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By Peter Kenyon
The northern Iraqi village of Al-Qosh was humming with activity — and some jitters — when NPR visited back in June. The Assyrian Christian villagers had opened their schools and homes to Iraqis fleeing the takeover of nearby Mosul by Islamist fighters calling themselves the Islamic State.
But these days, most of Al-Qosh is as silent as the 6th-century monastery overlooking the village from a hill. A few Kurdish security men guard the entrance to the village, primarily concerned with keeping potential looters away from the tidy stone and cement homes.
The villagers fled en masse in early August, when Islamist fighters made a move in Al-Qosh’s direction. Now, as Kurdish forces begin to retake territory around Mosul, including the strategic Mosul dam, some families have begun to trickle back to Al-Qosh. Most stay only during daylight hours, however, afraid to stay overnight with Islamic State forces a mere 20 miles away.
Leaving Everything Behind, Yet Again
Raed Salman, 45, is one of the few who’s here full time, at least for now. The truck driver’s recent history is sadly familiar to many Iraqis.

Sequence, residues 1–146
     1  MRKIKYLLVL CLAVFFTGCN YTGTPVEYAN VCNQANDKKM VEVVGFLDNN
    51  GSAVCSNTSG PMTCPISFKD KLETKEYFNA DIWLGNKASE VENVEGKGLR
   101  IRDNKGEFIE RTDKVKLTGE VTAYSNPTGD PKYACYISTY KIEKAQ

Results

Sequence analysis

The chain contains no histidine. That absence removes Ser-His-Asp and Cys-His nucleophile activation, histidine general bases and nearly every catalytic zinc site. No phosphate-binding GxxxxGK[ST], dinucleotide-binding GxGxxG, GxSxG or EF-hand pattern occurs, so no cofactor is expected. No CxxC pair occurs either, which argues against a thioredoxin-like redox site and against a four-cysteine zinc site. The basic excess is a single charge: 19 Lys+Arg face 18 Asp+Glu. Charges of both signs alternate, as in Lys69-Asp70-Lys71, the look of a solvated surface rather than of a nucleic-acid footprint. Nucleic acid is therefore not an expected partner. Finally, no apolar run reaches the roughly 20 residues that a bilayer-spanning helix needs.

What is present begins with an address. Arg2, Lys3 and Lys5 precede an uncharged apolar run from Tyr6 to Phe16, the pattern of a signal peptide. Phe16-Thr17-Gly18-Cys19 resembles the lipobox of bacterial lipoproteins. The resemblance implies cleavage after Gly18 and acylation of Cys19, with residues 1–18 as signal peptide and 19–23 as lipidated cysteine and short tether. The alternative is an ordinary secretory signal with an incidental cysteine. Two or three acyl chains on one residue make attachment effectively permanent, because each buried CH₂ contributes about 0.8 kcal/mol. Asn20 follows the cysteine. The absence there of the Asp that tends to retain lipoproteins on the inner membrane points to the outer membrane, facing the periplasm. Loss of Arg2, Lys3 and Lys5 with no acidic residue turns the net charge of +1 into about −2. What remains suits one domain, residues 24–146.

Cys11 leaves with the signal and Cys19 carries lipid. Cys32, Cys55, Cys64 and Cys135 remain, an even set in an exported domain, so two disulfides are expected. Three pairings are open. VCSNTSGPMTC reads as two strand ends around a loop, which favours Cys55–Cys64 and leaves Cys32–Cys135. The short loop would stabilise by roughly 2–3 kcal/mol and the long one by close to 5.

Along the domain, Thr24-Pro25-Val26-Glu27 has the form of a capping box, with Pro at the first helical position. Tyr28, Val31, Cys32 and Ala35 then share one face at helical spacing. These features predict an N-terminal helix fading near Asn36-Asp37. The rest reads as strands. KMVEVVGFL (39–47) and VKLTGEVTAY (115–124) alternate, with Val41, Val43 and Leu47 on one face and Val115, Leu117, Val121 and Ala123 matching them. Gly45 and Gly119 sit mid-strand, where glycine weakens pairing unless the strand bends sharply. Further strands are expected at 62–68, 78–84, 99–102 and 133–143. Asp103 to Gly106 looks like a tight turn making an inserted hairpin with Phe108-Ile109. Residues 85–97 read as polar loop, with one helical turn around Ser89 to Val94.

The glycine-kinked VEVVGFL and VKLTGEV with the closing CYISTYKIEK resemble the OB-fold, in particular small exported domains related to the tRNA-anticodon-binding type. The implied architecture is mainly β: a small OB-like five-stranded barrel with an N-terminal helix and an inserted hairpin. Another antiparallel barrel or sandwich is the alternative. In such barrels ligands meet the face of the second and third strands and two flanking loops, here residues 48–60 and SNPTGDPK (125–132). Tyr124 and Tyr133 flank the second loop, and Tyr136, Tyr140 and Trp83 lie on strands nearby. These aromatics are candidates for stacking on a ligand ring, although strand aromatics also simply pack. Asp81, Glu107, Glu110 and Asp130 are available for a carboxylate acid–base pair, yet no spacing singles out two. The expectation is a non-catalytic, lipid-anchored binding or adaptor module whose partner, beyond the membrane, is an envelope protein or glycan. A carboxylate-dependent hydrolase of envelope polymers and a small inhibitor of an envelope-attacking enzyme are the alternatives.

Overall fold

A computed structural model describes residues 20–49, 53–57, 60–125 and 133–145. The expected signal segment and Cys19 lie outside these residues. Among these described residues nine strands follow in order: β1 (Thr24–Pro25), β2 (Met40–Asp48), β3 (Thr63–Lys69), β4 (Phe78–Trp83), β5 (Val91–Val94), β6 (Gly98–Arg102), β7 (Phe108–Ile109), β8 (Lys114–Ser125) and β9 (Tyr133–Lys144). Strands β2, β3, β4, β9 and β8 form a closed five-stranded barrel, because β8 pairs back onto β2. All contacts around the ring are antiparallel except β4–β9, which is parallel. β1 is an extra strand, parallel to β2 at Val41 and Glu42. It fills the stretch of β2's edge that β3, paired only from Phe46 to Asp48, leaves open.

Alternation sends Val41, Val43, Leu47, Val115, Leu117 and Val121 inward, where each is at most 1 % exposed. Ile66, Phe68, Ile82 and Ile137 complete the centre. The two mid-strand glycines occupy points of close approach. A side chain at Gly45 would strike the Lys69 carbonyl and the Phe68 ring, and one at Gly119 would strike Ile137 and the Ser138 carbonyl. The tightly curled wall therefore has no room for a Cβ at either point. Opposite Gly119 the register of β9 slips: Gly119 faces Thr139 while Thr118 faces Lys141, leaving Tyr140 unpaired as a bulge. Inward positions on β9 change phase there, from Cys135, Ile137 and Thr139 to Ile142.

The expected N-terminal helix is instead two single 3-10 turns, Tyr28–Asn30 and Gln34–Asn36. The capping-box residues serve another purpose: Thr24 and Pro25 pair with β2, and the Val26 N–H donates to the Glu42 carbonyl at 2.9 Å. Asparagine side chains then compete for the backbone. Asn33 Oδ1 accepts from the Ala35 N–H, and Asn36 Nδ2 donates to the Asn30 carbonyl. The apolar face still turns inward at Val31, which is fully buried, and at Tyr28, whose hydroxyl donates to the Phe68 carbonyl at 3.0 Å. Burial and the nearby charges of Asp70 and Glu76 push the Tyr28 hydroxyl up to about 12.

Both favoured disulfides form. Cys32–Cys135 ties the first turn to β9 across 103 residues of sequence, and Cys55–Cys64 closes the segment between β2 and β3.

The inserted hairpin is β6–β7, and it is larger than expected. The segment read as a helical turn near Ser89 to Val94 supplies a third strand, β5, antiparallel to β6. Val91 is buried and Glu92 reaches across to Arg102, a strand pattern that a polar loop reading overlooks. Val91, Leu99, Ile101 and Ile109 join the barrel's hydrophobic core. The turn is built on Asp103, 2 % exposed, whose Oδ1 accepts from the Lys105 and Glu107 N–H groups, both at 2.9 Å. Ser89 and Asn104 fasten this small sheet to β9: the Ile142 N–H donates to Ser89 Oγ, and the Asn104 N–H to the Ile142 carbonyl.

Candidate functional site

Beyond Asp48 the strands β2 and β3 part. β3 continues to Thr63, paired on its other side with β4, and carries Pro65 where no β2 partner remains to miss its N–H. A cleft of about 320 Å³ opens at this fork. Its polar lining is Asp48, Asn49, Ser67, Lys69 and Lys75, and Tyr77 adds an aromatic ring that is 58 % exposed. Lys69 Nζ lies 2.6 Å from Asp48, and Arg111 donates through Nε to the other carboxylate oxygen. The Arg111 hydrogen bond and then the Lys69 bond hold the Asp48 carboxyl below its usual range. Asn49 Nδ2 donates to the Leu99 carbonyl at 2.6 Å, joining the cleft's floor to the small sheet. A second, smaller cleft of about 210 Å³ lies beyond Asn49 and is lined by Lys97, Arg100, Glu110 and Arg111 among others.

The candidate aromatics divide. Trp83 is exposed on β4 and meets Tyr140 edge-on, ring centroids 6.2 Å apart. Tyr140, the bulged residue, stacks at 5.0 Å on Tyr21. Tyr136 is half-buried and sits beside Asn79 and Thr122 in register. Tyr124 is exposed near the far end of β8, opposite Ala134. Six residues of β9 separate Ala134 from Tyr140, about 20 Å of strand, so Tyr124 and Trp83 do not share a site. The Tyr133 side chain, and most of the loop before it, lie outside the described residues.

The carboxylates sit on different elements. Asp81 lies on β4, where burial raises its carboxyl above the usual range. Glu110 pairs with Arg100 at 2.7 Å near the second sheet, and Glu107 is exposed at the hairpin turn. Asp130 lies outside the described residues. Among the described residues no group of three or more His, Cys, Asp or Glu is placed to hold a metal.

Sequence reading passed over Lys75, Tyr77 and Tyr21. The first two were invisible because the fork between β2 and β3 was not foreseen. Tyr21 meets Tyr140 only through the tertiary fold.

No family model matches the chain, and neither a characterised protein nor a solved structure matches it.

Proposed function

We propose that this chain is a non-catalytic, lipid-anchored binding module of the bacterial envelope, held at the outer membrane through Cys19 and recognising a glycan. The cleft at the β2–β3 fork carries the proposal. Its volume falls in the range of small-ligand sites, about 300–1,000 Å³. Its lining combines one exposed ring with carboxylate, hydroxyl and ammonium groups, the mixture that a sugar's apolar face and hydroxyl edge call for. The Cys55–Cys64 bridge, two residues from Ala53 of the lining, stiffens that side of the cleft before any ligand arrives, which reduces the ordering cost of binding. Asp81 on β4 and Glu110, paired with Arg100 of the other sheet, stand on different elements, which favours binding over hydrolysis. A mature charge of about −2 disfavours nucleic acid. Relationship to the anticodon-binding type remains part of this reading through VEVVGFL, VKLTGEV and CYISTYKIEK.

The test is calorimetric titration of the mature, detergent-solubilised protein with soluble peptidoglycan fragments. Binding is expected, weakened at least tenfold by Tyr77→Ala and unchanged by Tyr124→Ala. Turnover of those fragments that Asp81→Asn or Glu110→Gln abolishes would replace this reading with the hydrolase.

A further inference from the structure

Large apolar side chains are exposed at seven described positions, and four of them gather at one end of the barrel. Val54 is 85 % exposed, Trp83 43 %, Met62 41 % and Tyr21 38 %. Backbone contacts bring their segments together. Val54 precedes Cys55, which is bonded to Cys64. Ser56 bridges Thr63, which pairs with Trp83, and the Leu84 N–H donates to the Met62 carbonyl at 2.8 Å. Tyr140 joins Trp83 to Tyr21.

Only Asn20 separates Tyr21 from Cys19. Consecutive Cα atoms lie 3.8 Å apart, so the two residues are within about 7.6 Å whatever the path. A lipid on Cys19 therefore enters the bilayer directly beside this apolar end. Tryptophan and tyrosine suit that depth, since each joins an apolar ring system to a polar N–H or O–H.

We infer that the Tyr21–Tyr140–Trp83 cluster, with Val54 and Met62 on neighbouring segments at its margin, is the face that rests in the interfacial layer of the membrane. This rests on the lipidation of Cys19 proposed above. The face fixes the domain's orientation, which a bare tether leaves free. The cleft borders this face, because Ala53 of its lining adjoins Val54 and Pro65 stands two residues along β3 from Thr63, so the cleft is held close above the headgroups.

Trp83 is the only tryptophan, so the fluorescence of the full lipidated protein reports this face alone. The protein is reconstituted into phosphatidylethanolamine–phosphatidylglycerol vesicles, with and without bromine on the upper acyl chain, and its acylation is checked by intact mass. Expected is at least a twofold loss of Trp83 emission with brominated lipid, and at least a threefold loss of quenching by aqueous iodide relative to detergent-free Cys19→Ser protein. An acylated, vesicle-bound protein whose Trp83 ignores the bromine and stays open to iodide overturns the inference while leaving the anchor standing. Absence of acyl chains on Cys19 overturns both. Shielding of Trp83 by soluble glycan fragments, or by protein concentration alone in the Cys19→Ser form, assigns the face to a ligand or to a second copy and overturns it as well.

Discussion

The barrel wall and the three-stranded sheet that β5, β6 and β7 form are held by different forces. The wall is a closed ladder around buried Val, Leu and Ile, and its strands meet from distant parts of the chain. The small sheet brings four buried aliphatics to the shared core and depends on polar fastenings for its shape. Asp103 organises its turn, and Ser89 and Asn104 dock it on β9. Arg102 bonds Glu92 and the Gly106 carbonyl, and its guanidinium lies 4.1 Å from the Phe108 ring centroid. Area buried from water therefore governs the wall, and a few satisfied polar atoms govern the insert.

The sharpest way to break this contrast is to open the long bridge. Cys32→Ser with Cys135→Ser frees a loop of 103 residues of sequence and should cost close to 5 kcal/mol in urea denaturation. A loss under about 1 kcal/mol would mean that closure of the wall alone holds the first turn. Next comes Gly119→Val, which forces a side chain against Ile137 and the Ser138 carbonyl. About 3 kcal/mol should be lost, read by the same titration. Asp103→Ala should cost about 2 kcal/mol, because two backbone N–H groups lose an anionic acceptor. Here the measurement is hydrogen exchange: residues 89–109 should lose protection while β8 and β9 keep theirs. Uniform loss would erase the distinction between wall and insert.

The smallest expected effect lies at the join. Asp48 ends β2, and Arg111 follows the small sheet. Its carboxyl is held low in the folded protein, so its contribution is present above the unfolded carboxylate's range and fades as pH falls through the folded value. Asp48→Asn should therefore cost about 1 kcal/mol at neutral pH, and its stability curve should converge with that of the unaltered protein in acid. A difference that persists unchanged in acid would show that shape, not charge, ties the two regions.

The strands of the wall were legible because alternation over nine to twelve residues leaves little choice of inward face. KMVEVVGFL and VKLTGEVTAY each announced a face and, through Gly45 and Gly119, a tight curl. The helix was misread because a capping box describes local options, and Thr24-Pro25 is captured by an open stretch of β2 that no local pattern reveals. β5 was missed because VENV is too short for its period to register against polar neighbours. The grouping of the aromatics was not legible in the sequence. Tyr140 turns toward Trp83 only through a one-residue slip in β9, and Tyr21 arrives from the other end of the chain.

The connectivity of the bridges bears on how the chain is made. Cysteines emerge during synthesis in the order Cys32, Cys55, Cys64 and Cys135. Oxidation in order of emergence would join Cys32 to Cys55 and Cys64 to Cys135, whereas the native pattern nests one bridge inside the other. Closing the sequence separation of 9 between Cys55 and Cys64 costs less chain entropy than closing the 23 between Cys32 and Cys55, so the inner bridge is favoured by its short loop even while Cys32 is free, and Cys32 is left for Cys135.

“This is the second time I’m displaced. We’re originally from Baghdad,” he says. “We fled Baghdad; my father and brother were kidnapped. We paid a huge ransom, but they shot and badly wounded my brother. Now we’re displaced for a second time.”
Salman gestures to his large, well-appointed home. He says it took years of high-risk travel on Iraq’s deadly highways to save enough money to finish it. But he’s resigned to leaving it all behind, once again, because his family’s safety comes first.
“Believe me, there is nowhere in Iraq that is safe for us,” he says. “We have Shiite friends in the city of Kut. They say, ‘Come live with us. We’ll keep you safe.’ They’re good friends, but what about the future? They could be the next ones displaced.”
Salman doesn’t know where they’ll go. Their passports are expired, and he doesn’t think there’s much chance of renewing them now.
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